At the time, the turret had unprecedented protection from shells and HEAT warheads, but also had satisfactory tenacity. This was a great technical achievement for its time, but designers continued to work on correcting some of its aforementioned drawbacks, chiefly to do with the frontal armour bulge.

Production T-64 turret with aluminium filler.

Production T-64 turret with aluminium filler, cutaway. The turret guaranteed protection from 85 mm and 100 mm HEAT shells (equivalent to NATO 105 mm HEAT shells) and 100 mm flat-tipped AP at angles up to +/- 35 degrees.

A search for new solutions began. The book NII Stali - 60 let v sfere zaschity covering the development of the NII Stali (Steel Scientific Research Institute) describes this period as follows:
"We had the task of correcting this drawback without increasing the distance between the turret rotation axis and the center of the hatch. The front of the turret therefore had to be reduced by almost 200 mm compared to the "steel-aluminium-steel" turret (from 600 to 410 mm). The decision to reduce the thickness of the turret armour while maintaining its resistance to shells was proposed by V.V. Ierusalimskiy. He proposed doing this by using high hardness steel inserts hardened with the differential isothermic process. This would give a very hard core and a comparatively softer and more flexible outer surface.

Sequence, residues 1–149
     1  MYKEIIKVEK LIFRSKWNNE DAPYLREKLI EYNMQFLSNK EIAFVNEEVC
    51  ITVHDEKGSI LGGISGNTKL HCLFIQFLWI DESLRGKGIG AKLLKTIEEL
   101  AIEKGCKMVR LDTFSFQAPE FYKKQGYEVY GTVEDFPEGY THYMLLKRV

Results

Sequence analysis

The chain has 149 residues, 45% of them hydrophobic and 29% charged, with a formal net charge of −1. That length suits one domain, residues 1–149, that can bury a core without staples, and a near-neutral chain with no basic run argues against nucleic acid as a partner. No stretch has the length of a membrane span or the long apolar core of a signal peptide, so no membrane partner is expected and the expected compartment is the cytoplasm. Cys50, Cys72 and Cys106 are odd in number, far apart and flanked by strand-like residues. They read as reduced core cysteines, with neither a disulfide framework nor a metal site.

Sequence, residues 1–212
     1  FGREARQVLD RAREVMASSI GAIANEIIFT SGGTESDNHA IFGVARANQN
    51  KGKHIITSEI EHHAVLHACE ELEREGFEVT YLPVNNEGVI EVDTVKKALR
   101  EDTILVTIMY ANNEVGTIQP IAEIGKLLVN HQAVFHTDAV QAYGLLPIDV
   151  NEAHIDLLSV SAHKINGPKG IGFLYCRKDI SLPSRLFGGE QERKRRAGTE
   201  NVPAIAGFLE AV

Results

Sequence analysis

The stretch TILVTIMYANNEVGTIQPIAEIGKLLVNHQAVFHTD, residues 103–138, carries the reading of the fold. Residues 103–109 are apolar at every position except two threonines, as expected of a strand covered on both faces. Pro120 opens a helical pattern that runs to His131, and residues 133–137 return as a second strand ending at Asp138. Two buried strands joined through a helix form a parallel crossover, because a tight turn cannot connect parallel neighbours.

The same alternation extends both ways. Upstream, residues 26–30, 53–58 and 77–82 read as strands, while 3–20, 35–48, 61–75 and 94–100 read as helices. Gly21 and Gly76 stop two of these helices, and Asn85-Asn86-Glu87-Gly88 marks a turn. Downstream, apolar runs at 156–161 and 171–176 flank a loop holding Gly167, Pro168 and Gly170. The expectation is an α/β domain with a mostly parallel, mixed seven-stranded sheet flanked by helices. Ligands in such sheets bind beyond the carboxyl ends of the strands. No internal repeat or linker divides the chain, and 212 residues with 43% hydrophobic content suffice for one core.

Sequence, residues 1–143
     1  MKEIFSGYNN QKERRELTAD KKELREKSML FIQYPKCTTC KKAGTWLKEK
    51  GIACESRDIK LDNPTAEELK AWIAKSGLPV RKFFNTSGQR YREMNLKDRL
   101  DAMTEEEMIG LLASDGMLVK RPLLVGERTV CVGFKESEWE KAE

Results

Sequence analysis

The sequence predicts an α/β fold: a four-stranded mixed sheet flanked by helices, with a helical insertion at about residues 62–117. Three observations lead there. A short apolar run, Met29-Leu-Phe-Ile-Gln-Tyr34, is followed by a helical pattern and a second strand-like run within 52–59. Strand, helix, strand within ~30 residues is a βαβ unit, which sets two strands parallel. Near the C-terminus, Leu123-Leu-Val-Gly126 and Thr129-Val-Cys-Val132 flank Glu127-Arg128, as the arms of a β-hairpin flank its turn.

The result was quite decent, better than the experimental turrets with ceramic balls that VNII Transmash was working on. Their turrets were thicker than the turret with high hardness steel inserts. One drawback of this turret was the insufficient toughness of the weld seam between the retaining plate and foundation of the turret. It could be destroyed with a nonpenetrating hit from APCR shot.

These results led to a decision to begin producing a batch of turrets with high hardness steel inserts after the welds have been strengthened. However, there was an unsolvable issue. The batch of high hardness steel inserts produced for this task had insufficient impact malleability. When hit with shells, the steel inserts resulted in brittle damage and penetration."